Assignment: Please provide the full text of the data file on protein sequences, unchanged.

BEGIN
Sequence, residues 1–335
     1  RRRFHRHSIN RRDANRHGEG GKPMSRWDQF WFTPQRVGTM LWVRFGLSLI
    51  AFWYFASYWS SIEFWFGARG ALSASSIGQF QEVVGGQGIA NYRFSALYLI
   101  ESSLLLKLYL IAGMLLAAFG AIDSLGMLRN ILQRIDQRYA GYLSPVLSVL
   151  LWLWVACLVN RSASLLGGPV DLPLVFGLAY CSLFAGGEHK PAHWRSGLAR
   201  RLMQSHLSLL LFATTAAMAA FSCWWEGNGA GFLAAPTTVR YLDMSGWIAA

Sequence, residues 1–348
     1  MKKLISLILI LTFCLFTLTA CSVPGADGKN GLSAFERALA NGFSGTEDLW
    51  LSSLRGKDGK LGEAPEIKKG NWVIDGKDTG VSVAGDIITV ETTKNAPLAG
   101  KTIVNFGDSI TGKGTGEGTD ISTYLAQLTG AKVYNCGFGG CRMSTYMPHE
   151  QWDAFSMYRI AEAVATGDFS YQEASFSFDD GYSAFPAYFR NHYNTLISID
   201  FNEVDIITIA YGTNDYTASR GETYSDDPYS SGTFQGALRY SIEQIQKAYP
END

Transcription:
Sequence, residues 1–335
     1  RRRFHRHSIN RRDANRHGEG GKPMSRWDQF WFTPQRVGTM LWVRFGLSLI
    51  AFWYFASYWS SIEFWFGARG ALSASSIGQF QEVVGGQGIA NYRFSALYLI
   101  ESSLLLKLYL IAGMLLAAFG AIDSLGMLRN ILQRIDQRYA GYLSPVLSVL
   151  LWLWVACLVN RSASLLGGPV DLPLVFGLAY CSLFAGGEHK PAHWRSGLAR
   201  RLMQSHLSLL LFATTAAMAA FSCWWEGNGA GFLAAPTTVR YLDMSGWIAA

Sequence, residues 1–348
     1  MKKLISLILI LTFCLFTLTA CSVPGADGKN GLSAFERALA NGFSGTEDLW
    51  LSSLRGKDGK LGEAPEIKKG NWVIDGKDTG VSVAGDIITV ETTKNAPLAG
   101  KTIVNFGDSI TGKGTGEGTD ISTYLAQLTG AKVYNCGFGG CRMSTYMPHE
   151  QWDAFSMYRI AEAVATGDFS YQEASFSFDD GYSAFPAYFR NHYNTLISID
   201  FNEVDIITIA YGTNDYTASR GETYSDDPYS SGTFQGALRY SIEQIQKAYP